15. ^ a b "Reprint from NJ 1: 1. Editorial and Insert – The Terrigal Conference". NJ. 40 (2): 160–174. 2016-07-02. doi:10.1080/14452294.2016.1279463. ISSN 1445-2294. S2CID 218835187.
  16. ^ Pernička & Kuchta 2010, p. 55..For a limited time a maximum power of 4,400 kW can be delivered
  17. ^ Allenbach, Jean-Marc (November 11, 2009). "Fiche documentaire BoBo NJT ALP 45-DP" (PDF) (in French). Retrieved June 11, 2011.
  18. ^ Brugger et al. 2000, p. 562.
  19. ^ a b c d e Pernička & Kuchta 2010, p. 58.
  20. ^ Vantuono, William (30 May 2012), "NJT's ALP-45DP enters revenue service", Railway Age
  21. ^ Pernička & Kuchta 2010, "Principal Technical Data", p.53
  22. ^ Canetta & Bikle 2010.
  23. ^ a b c d Vantuono 2008, p. 18.
  24. ^ a b c "ALP-45DP electro-diesel locomotive debut". Railway Gazette International. 23 September 2010. With an overall length of 21·8 m, the dual-mode loco is around 2 m longer than the electric version. Careful design of the internal layout and has helped to keep weight of the four-axle loco to 130 tonnes. ... It has a pair of Caterpillar 3512C engines rated at 2 100 hp arranged symmetrically around the transformer and converter pack to balance the weight.
  25. ^ "New Jersey Transit unveils first ALP-45 loco",, 16 May 2011
  26. ^ "NJ Transit Orders Modern Rail and Bus Equipmjent". NJ Transit. 14 July 2010.
  27. ^ "NJ Transit approves capital, operating budgets",, 14 July 2010, archived from the original on September 23, 2015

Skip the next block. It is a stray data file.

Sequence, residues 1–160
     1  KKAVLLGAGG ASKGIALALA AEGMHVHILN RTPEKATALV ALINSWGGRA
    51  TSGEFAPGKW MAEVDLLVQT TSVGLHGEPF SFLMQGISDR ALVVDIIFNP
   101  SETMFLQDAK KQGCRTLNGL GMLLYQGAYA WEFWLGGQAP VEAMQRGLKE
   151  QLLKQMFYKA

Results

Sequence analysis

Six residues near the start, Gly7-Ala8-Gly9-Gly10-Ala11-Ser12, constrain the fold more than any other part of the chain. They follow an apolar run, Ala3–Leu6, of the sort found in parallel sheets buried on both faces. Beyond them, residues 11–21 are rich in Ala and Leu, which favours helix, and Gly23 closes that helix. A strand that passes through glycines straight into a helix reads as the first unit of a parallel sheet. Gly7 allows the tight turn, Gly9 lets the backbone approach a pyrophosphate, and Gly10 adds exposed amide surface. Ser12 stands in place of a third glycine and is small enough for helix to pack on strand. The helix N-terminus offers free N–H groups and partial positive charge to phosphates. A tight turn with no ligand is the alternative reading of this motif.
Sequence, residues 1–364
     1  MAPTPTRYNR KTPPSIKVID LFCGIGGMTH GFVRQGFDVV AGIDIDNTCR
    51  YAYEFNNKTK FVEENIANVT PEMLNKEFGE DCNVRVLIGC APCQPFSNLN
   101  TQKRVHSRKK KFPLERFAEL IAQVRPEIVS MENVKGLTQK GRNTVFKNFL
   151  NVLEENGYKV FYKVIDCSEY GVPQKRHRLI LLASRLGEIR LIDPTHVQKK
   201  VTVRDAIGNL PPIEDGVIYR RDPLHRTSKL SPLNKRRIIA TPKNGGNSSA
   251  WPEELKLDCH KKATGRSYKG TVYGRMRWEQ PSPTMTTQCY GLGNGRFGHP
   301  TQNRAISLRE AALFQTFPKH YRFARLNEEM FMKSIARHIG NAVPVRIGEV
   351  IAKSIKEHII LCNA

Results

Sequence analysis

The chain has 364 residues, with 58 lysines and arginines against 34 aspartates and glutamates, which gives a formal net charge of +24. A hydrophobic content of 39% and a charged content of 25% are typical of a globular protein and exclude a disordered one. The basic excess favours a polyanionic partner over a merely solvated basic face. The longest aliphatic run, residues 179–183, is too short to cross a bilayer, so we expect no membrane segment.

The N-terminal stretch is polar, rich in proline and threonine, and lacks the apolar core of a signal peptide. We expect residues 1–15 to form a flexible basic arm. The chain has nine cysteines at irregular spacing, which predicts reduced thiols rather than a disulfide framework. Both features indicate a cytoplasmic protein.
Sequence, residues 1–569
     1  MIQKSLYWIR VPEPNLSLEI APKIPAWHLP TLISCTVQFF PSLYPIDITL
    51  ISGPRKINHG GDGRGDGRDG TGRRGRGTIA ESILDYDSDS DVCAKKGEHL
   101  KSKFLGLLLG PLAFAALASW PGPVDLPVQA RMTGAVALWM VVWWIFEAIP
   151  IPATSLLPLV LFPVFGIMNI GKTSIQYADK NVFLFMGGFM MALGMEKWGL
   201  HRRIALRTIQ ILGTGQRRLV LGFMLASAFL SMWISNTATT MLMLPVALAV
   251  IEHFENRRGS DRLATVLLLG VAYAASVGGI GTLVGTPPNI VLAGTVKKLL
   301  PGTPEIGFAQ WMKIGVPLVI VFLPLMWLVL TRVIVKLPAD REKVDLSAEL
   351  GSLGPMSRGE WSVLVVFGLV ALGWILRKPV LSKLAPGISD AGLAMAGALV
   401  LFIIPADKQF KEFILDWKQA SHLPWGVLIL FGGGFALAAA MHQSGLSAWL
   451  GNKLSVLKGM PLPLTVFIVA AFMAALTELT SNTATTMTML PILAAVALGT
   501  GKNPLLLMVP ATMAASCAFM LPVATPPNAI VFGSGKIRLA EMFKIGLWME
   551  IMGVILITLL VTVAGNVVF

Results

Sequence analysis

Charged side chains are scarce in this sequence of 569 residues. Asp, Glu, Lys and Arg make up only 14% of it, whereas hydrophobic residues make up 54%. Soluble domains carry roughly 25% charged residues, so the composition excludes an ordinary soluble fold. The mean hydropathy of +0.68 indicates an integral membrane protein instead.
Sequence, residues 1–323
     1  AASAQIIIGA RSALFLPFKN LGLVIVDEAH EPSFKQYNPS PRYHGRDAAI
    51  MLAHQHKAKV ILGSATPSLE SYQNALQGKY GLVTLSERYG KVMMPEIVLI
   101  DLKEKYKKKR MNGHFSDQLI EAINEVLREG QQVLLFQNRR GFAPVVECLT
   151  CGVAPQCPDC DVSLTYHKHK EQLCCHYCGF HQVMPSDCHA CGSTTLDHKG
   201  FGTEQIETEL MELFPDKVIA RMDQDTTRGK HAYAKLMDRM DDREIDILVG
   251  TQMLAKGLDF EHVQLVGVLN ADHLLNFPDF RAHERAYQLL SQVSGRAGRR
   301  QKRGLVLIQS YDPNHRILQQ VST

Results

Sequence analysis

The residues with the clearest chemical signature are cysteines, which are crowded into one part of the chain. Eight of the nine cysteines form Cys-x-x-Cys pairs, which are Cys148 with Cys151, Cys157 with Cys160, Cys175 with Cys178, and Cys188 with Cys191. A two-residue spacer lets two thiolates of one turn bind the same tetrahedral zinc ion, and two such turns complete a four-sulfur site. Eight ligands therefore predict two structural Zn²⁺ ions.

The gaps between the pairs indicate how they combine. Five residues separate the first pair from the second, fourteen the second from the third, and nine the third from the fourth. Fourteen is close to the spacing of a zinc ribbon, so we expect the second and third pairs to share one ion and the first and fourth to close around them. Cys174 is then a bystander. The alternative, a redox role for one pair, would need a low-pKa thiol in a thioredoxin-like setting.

29. ^ a b Pernička & Kuchta 2010, p. 52.
  30. ^ "NJ Transit to order more electro-diesels". International Rail Journal. December 8, 2017. Retrieved December 8, 2017.
  31. ^ "NJT: Bi-level EMUs, more dual-power locos on tap - Railway Age". Railway Age. 2017-11-17. Retrieved 2018-08-27.
  32. ^ TIMES, The STAT TRADE. "New Jersey orders 17 more ALP-45DP locomotives from Bombardier | Supply Chain". Archived from the original on 2020-02-29. Retrieved 2018-01-14.
  33. ^ "First Carbody Inspected and Approved".
  34. ^ Medina, Toni. "NJ TRANSIT". NJ TRANSIT. Retrieved 2021-02-19.
  35. ^ "4535 leaves the Kassel factory".
  36. ^ "NJ Transit welcomes first ALP-45A to the fleet".
  37. ^ "AMT electro-diesel arrives in Montréal". Railway Gazette International. June 16, 2011. Retrieved June 17, 2011. Montréal commuter rail authority Agence Métropolitaine de Transport took delivery of its first Bombardier-built ALP-45 electro-diesel locomotives on June 9. [...] Built at Kassel in Germany, the locomotive was shipped from Hamburg to Newark, New Jersey, and moved to Montréal under its own power
  38. ^ "Deux-Montagnes and Mascouche lines - Transitional network from January 2020". REM. Retrieved 2019-09-23.
  39. ^ Pernička & Kuchta 2010, p. 54, ALP-45DP Design Concept.
  40. ^ Canetta & Bikle 2010, p. 4.
  41. ^ Brugger et al. 2000, p. 562, ALP-45DP und ALP-46A Leistungen am Rad.
  42. ^ a b c d Vantuono 2011, p. 29.
  43. ^ Pernička & Kuchta 2010, p. 54, "electrical equipment".
  44. ^ a b Pernička & Kuchta 2010, "traction converter".
  45. ^ a b Pernička & Kuchta 2010, p. 55, "transformer".
  46. ^ Canetta & Bikle 2010, Drive Unit, pp.13-14.
  47. ^ Pernička & Kuchta 2010, p. 56, "traction motor".
  48. ^ Vantuono 2008, p. 18, quote : .. to reduce unsprung mass by suspending the traction motors on the trucks, not direct to the axles (like the ALP-46 and newer ALP-46A).
  49. ^ a b Pernička & Kuchta 2010, p. 56, "auxiliary".
  50. ^ Canetta & Bikle 2010, p. 7-8.
  51. ^ a b Canetta & Bikle 2010, p. 8, Brake
  52. ^ Pernička & Kuchta 2010, p. 56, "braking".
  53. ^ Pernička & Kuchta 2010, p. 56, "compressed air".
  54. ^ Vitins 2011, Page 4, line 25.
  55. ^ Vitins 2011, pp. 5, also 9, quote: "..Caterpillar 3512HD high speed engines were chosen for the diesel mode. ... they meet Tier3 exhaust emission standards. A solution is now being prepared to meet Tier4".
  56. ^ Pernička & Kuchta 2010, pp. 56, 58.